The Price of Fish

Dated: 24 APR 18

I usually hark on about he feel of a new country as you cross that imaginary line that constitutes one of mans borders. Ethiopia is no different from clean cut plastic banning Kenya I am greeted with dirty streets, strewn with an inordinate amount of plastics, goats running amok, packs of dogs having a riot of a time, crumbling pavements and even crumblier buildings. But I will reserve my supreme judgement for later down the line as border towns are notoriously dive like.

This time however I have a pre-existing impression of the people. Everyone I had spoken to about cycling in Ethiopia talks of stone throwing’s and confrontations with an apparently aggressive people. I have been told to hold my ground and be abrupt in return, then they will soften. It doesn’t disappoint, at the border post I am yelled at and a man strides over in my direction instructing me to move my bicycle in the medium of shouting. So I concede and move it approximately three feet, apparently this is sufficient. Then once on the street the first child shouts “f**k you,” but on the bright side he wasn’t asking for money. I take a breath and hold my judgement.

Ethiopia, day one, not a stone thrower insight though I am convinced that the kids are out to kill me. Through exhaustion that is, running and waving their little limbs wildly like a war cry they yell, “you, you, you, you, u, u, u, uUuuuuu!” I like to think I am good with children but how teachers have the energy to cope with a bundle of them I don’t know. They are just as inquisitive, energetic and happy as all children from across the continent and I don’t think there is such a thing as a shy Ethiopian child. After a coffee this morning I had to spend a few minutes high fiving a queue of kids which lasted a suspicious long time, I’ve sure a few went round again for seconds or even thirds.

Lunch however was a different story, my hostess was all smiles and roses but behind the facade she was a shark. It always happens when you entre a new country as you have no clue as to the price of fish. The cost of my lunch was grossly inflated, the shark smelt me coming. I wont say how many lunches I paid for but coffee here should cost just a mere 3 Birr which is less than 10p and I paid more than three times that. Looking past the bill the coffee was fantastic, Ethiopians are proud of their coffee which as we all know grows in abundance here. I believe its one of their biggest exports.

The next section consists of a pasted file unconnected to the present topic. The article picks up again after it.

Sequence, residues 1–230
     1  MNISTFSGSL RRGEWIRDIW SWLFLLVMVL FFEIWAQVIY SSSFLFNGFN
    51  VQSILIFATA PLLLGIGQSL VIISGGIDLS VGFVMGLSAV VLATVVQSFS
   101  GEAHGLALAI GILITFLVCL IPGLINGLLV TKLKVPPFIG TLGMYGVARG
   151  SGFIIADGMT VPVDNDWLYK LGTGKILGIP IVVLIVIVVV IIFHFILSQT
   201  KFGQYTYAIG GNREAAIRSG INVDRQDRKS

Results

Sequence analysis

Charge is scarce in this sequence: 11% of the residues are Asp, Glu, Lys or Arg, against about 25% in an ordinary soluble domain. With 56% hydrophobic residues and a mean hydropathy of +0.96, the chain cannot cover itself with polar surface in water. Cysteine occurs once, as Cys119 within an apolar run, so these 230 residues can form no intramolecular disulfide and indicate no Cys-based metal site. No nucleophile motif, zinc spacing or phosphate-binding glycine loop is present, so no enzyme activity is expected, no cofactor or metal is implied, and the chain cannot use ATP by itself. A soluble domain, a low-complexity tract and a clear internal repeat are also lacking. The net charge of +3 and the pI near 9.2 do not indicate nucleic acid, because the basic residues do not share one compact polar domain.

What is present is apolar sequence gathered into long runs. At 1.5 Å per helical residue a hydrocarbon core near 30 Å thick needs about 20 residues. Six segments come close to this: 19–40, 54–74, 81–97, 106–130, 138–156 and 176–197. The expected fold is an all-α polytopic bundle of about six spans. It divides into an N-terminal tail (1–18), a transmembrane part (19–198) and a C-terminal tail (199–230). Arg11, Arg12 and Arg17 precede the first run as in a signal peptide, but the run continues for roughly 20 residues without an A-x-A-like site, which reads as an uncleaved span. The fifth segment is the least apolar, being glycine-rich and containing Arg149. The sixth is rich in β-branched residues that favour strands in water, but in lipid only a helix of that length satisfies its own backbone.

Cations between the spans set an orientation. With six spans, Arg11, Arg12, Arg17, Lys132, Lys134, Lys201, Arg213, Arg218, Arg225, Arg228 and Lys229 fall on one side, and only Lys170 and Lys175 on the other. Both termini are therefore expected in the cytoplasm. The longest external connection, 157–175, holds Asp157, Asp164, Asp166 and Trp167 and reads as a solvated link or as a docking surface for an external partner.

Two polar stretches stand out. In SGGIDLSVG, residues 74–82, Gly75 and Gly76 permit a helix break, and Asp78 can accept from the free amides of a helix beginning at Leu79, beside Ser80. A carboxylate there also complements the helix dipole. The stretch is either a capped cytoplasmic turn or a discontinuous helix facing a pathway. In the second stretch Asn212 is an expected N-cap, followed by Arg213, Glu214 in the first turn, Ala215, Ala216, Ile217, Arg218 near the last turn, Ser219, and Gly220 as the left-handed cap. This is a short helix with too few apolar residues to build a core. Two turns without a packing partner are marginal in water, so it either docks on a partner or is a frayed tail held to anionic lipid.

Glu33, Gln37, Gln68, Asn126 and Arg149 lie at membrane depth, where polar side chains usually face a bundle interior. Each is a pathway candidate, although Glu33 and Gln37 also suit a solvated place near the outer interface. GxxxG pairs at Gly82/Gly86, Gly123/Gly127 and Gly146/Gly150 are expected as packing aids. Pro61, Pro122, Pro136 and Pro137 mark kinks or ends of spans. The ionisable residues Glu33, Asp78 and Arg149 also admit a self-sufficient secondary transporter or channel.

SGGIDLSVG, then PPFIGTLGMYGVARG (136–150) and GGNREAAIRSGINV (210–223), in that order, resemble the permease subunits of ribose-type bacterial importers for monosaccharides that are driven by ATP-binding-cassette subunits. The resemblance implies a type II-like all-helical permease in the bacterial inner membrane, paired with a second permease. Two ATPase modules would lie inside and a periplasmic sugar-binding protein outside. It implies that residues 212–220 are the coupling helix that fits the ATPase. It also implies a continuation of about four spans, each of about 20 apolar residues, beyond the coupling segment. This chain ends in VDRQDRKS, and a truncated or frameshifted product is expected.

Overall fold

To pay for this fanatically priced lunch I pop to get cash out, a trivial matter. I’m stopped for a frisking and a sweep with a hand held metal detector. Apparently they are worried I might hold the bank up and make off with the loot stuffed in my panniers. I decide to take it as a compliment for it can only mean that the security guard after looking me up and down thinks that I might have a concealed weapon within my lycra.

I was told to expect culinary delights when I reached Ethiopia and to be fair the Ethiopian street food is amazing, in the UK. I am yet to sit back after a meal and contently rub my belly. Goat seems to be the only thing on the menu, there isn’t a legume to be seen. When ever I have paused near a cafe or stopped for a cup of that rich bitter coffee I have been gestured to share someone’s meal or a piece of bread, so much for my preconceptions. Coffee is a treat, often the beans are roasted on the spot, darkening they slowly roast, the girl blows away the husks as they flake from the beans stirring to reveal a rich even deep brown. There are more coffee stalls here than Viennese coffee houses. To taste they offer sugar or like a Scot with his porridge, salt. A small ceramic char coal smoker is placed at the table in the evenings, mixed leaves and spices like incense issue sweet smoke through the air and keep the flies at bay.

Another night in another suspect establishment; I know few people who would stay in the pits that I have been resting my head, with the occasional cockroach some would make your skin crawl. I suspect there is a strumpet or two here for I pull the cord to turn on my light and it glows red. I sure know how to pick a palace, its that or all lodges are those sorts of establishments. On the plus side I get upgraded to the room next door it even as a white light. I am chaperoned in by a lady with whom I can not communicate, she points at the bed with a smile and starts fluffing the pillows, I stand against the wall stiff as a plank, not a chance (oh and readers with a crude mind get you head out of the gutter). She scoops up the pillows shaking her head, they just wont do and off she totters to return with a pair of clean pillow cases, what a treat. It would seem that the sheets are up to standard or that clean sheets are reserved for the likes of royalty.

A few hours later an she pops her head in again, I’ve been upgraded again and to an en suite no less; she places a plastic bowl in the corner, I furrow my brow in response. She then proceeds to slightly squat over it in briefly in a mock wee, but realising that I am a man and squatting means a No2, she turns into the corner to face the wall….its a chamber pot.

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